It also ignores the fact that these characters have nowhere near the history behind them that the original characters in the original scenes did, so there’s less emotional engagement, and the drama is further negated by the sledge hammer solution to the problem that surely most people will have seen coming a mile away.

It’s a real shame that a production company charged with reimagining and revitalising a franchise should feel the need to lift so blatantly from an earlier film it’s supposedly trying to get away from, and in particular a film widely acknowledged as the best of the bunch, because all it does is remind you how powerful the original scene was, and it weakens the new film into the bargain.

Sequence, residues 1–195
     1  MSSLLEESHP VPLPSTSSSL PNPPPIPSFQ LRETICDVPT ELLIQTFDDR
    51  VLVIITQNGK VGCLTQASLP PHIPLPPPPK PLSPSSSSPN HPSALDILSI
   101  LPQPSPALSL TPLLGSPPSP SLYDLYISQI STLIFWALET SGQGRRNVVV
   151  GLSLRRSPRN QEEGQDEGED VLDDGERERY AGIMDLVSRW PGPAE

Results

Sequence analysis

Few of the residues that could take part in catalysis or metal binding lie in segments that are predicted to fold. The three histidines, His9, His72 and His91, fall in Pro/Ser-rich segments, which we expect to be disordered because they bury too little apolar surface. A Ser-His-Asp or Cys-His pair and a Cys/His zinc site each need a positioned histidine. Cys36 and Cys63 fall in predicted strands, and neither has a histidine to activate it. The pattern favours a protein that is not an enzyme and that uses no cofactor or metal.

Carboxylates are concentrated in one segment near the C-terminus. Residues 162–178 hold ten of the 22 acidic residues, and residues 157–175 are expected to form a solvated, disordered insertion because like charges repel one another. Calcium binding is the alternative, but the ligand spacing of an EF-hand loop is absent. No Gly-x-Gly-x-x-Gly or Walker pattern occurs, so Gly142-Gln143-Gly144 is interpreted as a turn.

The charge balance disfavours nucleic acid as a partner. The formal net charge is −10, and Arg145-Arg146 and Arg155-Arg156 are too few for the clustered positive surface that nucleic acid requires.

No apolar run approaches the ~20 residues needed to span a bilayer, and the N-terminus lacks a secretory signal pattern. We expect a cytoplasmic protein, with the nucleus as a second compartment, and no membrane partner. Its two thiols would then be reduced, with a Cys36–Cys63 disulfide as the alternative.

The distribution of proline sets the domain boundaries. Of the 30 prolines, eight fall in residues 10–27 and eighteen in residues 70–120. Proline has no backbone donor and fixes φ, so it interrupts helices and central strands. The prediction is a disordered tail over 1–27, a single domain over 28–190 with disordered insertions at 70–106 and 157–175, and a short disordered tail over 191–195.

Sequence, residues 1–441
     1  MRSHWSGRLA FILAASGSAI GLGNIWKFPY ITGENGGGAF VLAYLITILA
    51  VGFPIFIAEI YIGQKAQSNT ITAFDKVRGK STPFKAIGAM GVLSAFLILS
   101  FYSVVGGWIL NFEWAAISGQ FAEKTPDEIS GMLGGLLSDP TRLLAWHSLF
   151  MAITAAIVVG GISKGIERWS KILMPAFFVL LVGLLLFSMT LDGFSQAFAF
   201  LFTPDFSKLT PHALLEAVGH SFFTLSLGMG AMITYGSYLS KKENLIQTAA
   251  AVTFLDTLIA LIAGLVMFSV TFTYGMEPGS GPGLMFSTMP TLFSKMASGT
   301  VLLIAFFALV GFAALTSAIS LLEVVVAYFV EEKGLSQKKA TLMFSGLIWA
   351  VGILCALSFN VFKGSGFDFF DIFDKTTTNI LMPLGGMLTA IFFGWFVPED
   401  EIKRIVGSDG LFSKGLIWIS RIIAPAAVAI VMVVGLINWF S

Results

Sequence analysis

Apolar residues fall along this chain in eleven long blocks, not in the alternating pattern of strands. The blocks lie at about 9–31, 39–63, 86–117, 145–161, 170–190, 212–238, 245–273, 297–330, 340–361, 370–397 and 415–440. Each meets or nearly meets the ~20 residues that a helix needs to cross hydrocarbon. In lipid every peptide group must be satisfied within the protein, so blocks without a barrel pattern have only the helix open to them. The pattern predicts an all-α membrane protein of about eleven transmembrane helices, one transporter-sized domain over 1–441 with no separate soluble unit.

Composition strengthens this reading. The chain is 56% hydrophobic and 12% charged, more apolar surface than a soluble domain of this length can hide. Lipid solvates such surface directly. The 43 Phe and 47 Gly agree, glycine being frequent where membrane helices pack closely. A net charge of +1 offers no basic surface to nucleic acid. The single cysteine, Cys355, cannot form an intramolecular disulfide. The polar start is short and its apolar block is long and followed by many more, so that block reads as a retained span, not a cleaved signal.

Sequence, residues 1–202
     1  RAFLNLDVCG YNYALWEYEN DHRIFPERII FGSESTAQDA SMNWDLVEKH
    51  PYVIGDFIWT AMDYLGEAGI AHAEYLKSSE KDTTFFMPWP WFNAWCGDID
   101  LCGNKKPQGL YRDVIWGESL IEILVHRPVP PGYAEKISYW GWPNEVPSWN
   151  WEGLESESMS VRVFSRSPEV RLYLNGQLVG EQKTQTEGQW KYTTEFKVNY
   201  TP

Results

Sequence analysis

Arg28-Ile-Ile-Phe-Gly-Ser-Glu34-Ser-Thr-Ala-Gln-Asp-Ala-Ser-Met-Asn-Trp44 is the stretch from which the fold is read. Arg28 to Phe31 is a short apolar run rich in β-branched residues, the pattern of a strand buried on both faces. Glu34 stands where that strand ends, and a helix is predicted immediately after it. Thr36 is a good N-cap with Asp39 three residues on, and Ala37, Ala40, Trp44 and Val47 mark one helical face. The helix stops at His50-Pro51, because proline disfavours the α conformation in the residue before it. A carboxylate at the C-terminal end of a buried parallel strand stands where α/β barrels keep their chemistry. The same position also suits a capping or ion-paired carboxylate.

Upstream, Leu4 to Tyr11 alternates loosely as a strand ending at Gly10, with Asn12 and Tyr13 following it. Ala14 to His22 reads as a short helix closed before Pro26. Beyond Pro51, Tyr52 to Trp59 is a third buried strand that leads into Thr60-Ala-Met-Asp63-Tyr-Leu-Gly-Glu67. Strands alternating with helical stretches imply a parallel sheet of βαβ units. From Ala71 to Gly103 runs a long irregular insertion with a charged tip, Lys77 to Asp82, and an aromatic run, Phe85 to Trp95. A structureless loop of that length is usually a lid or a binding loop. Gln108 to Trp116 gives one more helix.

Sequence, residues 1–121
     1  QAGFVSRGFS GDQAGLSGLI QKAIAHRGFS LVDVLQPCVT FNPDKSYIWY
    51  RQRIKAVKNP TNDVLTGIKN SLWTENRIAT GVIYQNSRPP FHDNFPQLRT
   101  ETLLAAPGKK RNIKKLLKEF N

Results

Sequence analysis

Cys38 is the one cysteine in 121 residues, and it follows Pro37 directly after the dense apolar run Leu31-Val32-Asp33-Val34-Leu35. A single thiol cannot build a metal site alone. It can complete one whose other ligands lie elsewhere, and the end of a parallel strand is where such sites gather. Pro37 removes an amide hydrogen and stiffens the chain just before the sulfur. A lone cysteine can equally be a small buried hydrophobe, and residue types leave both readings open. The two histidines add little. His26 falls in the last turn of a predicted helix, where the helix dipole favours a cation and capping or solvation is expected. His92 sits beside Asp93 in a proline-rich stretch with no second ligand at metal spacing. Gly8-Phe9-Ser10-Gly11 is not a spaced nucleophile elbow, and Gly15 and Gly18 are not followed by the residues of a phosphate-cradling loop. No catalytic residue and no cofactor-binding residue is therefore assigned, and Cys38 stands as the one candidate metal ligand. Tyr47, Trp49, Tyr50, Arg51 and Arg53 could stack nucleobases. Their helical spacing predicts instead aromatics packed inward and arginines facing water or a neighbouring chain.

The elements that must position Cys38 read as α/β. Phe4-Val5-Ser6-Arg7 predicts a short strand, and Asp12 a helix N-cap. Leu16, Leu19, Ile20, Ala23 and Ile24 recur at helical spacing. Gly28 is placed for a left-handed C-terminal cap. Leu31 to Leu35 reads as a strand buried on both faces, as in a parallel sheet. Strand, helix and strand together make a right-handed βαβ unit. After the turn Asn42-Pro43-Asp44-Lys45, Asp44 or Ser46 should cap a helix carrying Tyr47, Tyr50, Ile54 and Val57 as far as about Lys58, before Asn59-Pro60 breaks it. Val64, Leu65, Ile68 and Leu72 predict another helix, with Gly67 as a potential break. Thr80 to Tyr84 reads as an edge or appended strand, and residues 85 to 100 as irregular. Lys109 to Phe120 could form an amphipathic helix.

The upshot is that, while a week ago I left the cinema after seeing Iron Man 3 with a huge grin on my face, I left Into Darkness with a slight frown. I was still smiling, I was just a bit annoyed with it.

I liked it a lot, and in fact can’t wait to see it again (in 2D this time, 3D IMAX was pointless)and it might be that I enjoy it more next time around, I’m just a trifle confounded by the thematic choices made in the latter third.

Frankly I’m willing to bet no other film this year will make the hairs on the back of my neck stand on end with just a glimpse of the Enterprise or a few notes of the soundtrack like this film did though, so while it isn’t quite Deep Space nine out of ten, it comes close, it’s just a shame the film makers didn’t have the courage to keep doing something different.